I’ve never really owned a dog.
My grandparents had a Lhasa-Apso when they lived with us for a few years. Sasha. This dog did not like me. At all. This dog loved everyone but me. She would piddle on the floor with excitement when she saw anybody. She shook from side to side and was practically turning herself inside out to say hi to everyone. Not me. I swear she glared at me from under the hair that hung in her face. Deep down, I did not like this dog either and I am guessing she picked up on that vibe.
There were several instances in our co-habitation of the same dwelling that cemented our dislike of each other. This was the first.
I had taken a road trip across the border to pick up an American Hershey bar. There was/is a taste difference between the Hershey bar we could buy in Canada in comparison to the ones purchased in the United States. This taste difference often warranted a trip stateside to load up on said bar. I want to believe there was big bar that weighed in at a pound. I could be wrong, but that is my memory and I’m sticking with it.
Hopping across the border wasn’t too big a deal at the time. We lived maybe 45 minutes away so we often would pick up a few grocery items as we filled up the gas tank at the same time. This is going back to when gas prices and dollar values made it worth the drive. The extent of the questions at the border were, “Where you headed? To get gas and groceries. Ok.” The return questions were almost identical. “Where you been? Getting gas and groceries. Ok.” You could actually save money with these trips.
My grandparents were back east for a few weeks leaving us in charge of the dog. My mom was on a business trip, my brother was living in Toronto at the time, so it was just me and my dad holding down the fort. This one particular afternoon/evening, we decided to go on a drive. No destination in mind, just a drive, maybe stop for coffee. . .
We left the house with Sasha having free roam as she was allowed to do. I had left my treasured Hershey bar in the middle of a 3′ square coffee table that was about two, maybe three feet away from the couch. The chocolate bar was still wrapped in it’s foil and paper. I paused and looked at my chocolate bar thinking maybe I should move it. Then another part of my brain said, look at the jump the dog would have to do to get onto the coffee table. Sasha stood maybe 14-16″ to the shoulder. She was a small dog. The discussion in my brain was like that of the angel and the devil on a person’s shoulders when they are undecided about something. Move the bar. Leave the bar. She’ll eat your chocolate. She’ll break her neck jumping onto the table trying to get it. Better safe than sorry. She’ll slide right across the tile table missing the bar altogether. Move the chocolate. She’s asleep on the other side of the house. Move the chocolate. It’s wrapped up, she can’t smell it. And so went the argument in my brain. After all the dithering, I left my prized American Hershey bar in the middle of the 3′ square tile table with a short dog asleep in another part of the house. My mind’s eye pictured her having to manage to jump up onto the couch, which she seldom was able to do, then launch herself horizontally three feet to the coffee table and stop dead in her tracks on tile. Any pet owner or anyone who has seen pets on videos knows they cannot stop on tile. Goes against the laws of physics.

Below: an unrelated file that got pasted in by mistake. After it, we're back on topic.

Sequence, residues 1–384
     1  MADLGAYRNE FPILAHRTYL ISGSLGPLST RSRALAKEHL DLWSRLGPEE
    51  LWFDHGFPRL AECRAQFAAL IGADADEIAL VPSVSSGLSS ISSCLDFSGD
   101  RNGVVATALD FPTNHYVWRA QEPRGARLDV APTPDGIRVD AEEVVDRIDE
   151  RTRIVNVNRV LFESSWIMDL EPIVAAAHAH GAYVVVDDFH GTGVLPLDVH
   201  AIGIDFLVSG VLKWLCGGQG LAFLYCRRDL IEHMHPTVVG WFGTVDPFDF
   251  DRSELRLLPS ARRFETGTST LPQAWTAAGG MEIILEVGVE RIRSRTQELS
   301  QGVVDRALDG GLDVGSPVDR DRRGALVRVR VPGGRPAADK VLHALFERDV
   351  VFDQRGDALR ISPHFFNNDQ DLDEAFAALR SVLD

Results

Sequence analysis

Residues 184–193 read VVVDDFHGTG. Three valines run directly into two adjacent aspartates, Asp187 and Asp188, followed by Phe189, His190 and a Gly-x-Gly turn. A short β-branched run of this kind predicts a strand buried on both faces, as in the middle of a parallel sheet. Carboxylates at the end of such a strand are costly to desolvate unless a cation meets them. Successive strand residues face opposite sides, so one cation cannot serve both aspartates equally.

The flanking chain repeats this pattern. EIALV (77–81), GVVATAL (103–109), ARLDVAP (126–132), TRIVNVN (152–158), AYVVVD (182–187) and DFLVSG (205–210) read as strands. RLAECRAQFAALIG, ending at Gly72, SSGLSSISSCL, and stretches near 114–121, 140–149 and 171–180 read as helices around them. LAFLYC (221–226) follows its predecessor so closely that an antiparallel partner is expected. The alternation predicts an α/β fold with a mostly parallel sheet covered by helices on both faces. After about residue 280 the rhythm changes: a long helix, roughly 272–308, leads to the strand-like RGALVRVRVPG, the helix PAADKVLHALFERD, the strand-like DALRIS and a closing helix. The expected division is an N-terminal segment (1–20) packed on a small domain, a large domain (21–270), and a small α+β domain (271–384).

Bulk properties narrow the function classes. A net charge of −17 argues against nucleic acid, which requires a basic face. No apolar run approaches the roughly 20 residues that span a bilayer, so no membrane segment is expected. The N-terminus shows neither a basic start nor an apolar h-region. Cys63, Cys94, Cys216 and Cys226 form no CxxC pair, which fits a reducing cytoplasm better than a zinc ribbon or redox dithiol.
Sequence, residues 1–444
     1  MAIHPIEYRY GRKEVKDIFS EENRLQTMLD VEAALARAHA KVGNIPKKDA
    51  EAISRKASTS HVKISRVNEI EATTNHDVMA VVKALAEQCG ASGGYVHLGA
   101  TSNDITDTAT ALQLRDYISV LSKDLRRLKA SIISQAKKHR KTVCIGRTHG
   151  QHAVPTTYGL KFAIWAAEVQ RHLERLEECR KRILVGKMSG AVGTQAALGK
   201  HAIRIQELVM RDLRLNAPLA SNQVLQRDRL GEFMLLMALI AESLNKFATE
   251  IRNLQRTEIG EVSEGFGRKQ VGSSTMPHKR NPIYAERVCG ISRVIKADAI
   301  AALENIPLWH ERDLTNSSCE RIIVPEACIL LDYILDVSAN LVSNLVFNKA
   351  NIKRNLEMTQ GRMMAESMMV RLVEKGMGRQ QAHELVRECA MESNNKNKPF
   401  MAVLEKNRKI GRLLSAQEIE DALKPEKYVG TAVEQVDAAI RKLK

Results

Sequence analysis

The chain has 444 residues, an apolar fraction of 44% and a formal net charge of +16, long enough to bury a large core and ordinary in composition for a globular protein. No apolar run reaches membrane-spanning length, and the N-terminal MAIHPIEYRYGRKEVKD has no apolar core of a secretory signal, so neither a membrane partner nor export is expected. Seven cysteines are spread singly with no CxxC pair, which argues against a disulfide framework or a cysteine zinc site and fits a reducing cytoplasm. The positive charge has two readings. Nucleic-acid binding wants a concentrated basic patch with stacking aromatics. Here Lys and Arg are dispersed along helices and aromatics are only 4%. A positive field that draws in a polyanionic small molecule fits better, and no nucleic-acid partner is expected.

We came home from our lovely outing to find a tiny shred of foil in the middle of the kitchen floor. My brow furrowed as I realized what I was looking at. I called for the dog. She did not come running. No surprise there as it was me who was calling her. She doesn’t like me remember? Why would she come when I called her? I ran to the living room where my chocolate bar was supposed to be. There wasn’t anything on the table. I found the dog asleep in the middle of my parent’s bed. There was a scrap of paper wrapper stuck to her beard by chocolate. Now, I had heard chocolate can be fatal to dogs. By the loudness of her snoring, I knew she wasn’t dead. I looked everywhere for the remainder of my chocolate bar. Could she have really eaten the full pound and the wrapper? The entire house was turned upside down trying to find it. Gone. Completely gone. Sasha woke up during the search for the chocolate bar and gave me a rather smug look as she walked past me to go outside into the backyard. I followed her outside thinking she was leading me to my Hershey bar. Nope. She was in a squat for some time making a bar of her own. She sat in that position for a long time. There may have been a sheepish look in her eyes but I had no sympathy to offer. That had to be her come-uppance for scarfing down my chocolate. Other than this one long squat in the backyard, she came away unscathed from the event.
Me? Well, I did learn a very valuable lesson from this.
Never, ever leave chocolate around someone you don’t want to share it with under the best of circumstances. NO matter how unlikely it seems, they will find access to it.
The willing will always find a way.